It has been a while since I posted anything. Mainly because I have had very little time to even think about writing. It is hard enough to train when family and job get in the mix, but recently I have been trying to get the house ready to put on the market and this is an added stress that I am ready to be done with. Such is life, right?
The pool is empty these days. I wonder why? In the past there are mornings when one cannot find an open lane and that's at 5 AM. Now I show up and sometimes I am the only one in the pool. I know this will change. It is getting close to the time when all the people who made a New Year's resolution to run a triathlon will start training for the local sprint. Even then I usually find several people at the pool. I will admit that this year I have made a concerted effort to keep my swim volume down. For one I want to keep the shoulder from getting worse, its too early to have it hurting all season. I have also been consciously heeding the advice of many and concentrating on my bike and run.
I have read it or heard it said many times that swimming is the one leg that the least gains can be made (for the average swimmer or above). It has also been said that you don't win triathlons in the water. An average swimmer can kill on the bike and run and win a race. A great swimmer can lose a race by being caught on the bike or run. So because of this I am keeping my volume moderate right now and spending more time elsewhere. during the winter I even dropped my swim days down to two a week and sometimes only one. Every four weeks I would do a 1000 yard TT and what I found was that there was no loss of speed (no gain either but I am OK with that). It is hard to stay out of the pool when it is one of your strengths and you are part fish like me.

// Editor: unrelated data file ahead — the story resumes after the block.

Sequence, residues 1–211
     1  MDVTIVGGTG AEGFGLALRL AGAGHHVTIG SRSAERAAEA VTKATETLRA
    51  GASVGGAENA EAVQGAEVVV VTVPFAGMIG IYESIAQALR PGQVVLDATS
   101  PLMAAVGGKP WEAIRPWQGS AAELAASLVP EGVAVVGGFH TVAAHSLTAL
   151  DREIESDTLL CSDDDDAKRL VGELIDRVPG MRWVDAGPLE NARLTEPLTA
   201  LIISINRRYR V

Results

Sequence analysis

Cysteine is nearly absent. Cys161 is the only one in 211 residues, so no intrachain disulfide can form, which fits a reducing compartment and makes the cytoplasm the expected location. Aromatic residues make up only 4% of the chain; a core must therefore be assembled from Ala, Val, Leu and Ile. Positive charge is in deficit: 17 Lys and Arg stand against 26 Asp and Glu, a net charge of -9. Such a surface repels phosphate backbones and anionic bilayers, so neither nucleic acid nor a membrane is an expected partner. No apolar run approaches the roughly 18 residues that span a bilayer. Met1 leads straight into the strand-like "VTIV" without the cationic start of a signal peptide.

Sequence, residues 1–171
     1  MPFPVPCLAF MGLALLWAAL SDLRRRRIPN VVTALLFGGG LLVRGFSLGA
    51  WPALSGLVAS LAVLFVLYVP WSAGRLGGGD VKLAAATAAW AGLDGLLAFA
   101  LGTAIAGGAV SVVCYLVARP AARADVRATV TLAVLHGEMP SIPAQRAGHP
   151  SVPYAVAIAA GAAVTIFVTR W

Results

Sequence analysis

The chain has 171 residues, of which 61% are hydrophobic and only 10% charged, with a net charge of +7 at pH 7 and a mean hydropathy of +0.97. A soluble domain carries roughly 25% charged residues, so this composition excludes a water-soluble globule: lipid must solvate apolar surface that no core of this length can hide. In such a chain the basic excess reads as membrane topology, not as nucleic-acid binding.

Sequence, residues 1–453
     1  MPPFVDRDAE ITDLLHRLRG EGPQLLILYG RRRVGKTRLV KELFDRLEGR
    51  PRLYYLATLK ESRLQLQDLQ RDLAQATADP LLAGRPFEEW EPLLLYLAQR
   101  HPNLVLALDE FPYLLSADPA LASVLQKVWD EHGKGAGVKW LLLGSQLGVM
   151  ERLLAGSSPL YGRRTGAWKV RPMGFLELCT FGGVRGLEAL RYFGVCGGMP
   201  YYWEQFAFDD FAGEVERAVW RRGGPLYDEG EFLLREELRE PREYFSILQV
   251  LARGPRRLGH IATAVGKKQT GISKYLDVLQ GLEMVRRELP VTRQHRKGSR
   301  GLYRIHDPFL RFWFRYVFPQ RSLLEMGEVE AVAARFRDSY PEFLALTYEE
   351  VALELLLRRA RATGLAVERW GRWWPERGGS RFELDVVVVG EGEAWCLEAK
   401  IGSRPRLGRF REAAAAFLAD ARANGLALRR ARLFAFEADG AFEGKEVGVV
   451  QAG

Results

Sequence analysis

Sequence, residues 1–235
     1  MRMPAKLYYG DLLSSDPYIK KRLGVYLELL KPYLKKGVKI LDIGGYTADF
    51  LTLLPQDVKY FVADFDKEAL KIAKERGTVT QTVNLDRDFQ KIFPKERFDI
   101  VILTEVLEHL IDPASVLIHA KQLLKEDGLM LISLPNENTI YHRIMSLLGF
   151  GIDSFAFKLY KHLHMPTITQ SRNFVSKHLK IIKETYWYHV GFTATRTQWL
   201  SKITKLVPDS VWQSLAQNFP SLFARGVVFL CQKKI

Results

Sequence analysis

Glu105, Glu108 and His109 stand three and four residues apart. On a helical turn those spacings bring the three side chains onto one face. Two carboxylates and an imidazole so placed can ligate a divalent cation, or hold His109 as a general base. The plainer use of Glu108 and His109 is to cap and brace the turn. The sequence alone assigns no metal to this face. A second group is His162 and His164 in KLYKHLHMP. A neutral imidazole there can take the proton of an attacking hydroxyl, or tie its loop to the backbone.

So what is the moral of this story. Mental toughness is not only about sitting on a bike for 4 hours (although it is all mental when you try it while sitting in one place) or keeping your mind focused on running for 2+ hours. It is also about reprogramming your brain to say, "its OK not to swim today", or keep the big picture in mind by saying "I have to run today even though I want to swim because it will make me a stronger triathlete overall".
Keeping the big picture in front of you is mentally tough. This is why people stress, "run your own race". It takes mental toughness to keep pace when someone comes screaming past you on the bike. You naturally want to pursue but you know that the pace will beat you down and the run will be all survival. So you make a mental note of the guys number and vow to hunt him down on the run.